A large portion of my classmates were excited to attend my ten-year high school reunion to see old girlfriends or ex-football quarterbacks to see how fat they've gotten or how hot they might still be. Not me. I was desperate to track down a shy and slightly awkward kid with big tousled hair - way before Bieber made it cool - that most of my class might have no memory of at all. And for me, I didn't want to reminisce with him about playing Magic in the cafeteria, or how he rocked the high school auditorium as Pontius Pilate in Jesus Christ Superstar. I didn't want to hear about how he attended law school or what it was like cramming for the bar exam. No, I cared not a whit about any of that crap. All I wanted to talk to him about was Lord of the Rings Online.
You see, Jeff Libby is a Content Designer at Turbine, one of the coolest jobs a fantasy geek like me could ever want. My old classmate Jeff writes quests in the style of J. R. R. Tolkien for millions of adoring fans. He imagines stories about the Istari, Noldorin and the Dunedain, and can actually breathe them into life on computers around the world. His daily tasks are absolutely magical to me and I wanted to find out how he got the job, what it was like to work at Turbine, and, perhaps most importantly, which orc I needed to kill to get a job just like it.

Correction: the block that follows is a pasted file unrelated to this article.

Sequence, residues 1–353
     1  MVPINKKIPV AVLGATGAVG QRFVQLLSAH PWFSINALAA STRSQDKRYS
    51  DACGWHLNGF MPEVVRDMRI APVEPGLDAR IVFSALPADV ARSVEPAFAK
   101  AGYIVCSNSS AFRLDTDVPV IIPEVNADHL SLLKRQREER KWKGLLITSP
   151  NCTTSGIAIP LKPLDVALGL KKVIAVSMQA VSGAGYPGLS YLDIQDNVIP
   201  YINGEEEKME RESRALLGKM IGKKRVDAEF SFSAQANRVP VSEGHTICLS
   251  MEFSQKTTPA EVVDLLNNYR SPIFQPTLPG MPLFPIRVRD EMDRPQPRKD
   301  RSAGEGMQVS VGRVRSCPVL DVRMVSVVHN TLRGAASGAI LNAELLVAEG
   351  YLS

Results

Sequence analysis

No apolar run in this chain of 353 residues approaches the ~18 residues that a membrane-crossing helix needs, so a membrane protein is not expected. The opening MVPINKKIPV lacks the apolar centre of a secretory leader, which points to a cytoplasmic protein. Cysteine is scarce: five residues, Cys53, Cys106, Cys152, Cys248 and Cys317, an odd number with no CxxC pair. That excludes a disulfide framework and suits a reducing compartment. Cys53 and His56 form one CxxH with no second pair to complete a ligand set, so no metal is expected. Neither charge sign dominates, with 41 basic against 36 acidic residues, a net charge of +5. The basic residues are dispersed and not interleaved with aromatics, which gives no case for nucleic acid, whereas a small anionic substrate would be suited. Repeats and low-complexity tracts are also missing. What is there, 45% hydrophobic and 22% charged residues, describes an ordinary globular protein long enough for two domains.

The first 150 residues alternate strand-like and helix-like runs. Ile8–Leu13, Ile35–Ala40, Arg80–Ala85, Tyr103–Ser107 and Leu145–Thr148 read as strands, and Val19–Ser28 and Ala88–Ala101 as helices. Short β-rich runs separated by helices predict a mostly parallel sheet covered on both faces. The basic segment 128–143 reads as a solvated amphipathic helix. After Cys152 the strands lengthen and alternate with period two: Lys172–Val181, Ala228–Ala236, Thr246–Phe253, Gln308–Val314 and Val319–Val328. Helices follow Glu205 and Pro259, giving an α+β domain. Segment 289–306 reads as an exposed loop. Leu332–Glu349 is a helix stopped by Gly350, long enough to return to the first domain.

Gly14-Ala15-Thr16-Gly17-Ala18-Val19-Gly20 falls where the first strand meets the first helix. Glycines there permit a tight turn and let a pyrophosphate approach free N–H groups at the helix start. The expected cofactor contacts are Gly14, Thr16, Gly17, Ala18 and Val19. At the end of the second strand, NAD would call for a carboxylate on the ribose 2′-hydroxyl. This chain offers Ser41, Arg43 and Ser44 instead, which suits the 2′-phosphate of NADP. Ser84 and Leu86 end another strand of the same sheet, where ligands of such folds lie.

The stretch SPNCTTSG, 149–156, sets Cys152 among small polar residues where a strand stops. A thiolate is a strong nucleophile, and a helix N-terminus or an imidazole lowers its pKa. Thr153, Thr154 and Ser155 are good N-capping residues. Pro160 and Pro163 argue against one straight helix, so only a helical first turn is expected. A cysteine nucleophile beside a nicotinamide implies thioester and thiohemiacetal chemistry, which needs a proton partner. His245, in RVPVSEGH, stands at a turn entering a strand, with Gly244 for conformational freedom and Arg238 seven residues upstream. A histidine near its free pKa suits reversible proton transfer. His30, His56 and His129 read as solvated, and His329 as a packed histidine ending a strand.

Growing up, Jeff noticed that he thought about games much more than his peers did. "I just love talking about games. Hearing about people's experiences with games and debating the pros and cons of design decisions has always been one of my very favorite pastimes. I was always the kid in the neighborhood who wanted the group of friends to go inside and play NES, but I often didn't care if I even had a controller. I wanted everyone else to play, and to enjoy the experience as much as I did."
That quality, the love of discussing games and dissecting what makes them work, was a huge bonus when he applied to work at Turbine, but working on games wasn't Jeff's chosen career path by any stretch. After high school, he went off to college and eventually studied law before settling in the Boston area. So how did he go from a fairly pedestrian lifestyle as a soon-to-be lawyer to writing content for Lord of the Rings Online?
"As with a lot of things in life, there was a good deal of luck involved," Jeff said. "After passing the Bar and striding onto the streets of Boston in search of work, it became quickly apparent that there were hundreds of other eager young lawyers in my exact circumstances, looking for exactly the same positions." One of the only positions available to an out-of-work lawyer was at Houghton Mifflin, the American publisher of all of Tolkien's books. Jeff was already a fan of Tolkien's work (he's read Lord of the Rings every year since third grade), but he now devoured the wealth of source material found in The Silmarillion, Unfinished Tales, and all of Tolkien's notes published by his son Christopher.
"The work was fine," Jeff recalled of his time at Houghton Mifflin. "Only in hindsight can I tell that I was biding my time for something else to come along."